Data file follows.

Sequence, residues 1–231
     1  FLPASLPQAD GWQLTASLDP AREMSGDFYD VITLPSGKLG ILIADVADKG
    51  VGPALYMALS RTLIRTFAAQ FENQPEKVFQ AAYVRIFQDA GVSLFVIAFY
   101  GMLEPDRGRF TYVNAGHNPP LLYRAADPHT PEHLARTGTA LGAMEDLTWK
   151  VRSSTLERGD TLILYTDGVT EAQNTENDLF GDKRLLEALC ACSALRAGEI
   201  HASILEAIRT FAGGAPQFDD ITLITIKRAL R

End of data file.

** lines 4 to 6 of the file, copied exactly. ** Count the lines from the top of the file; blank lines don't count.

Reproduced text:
   101  GMLEPDRGRF TYVNAGHNPP LLYRAADPHT PEHLARTGTA LGAMEDLTWK
   151  VRSSTLERGD TLILYTDGVT EAQNTENDLF GDKRLLEALC ACSALRAGEI
   201  HASILEAIRT FAGGAPQFDD ITLITIKRAL R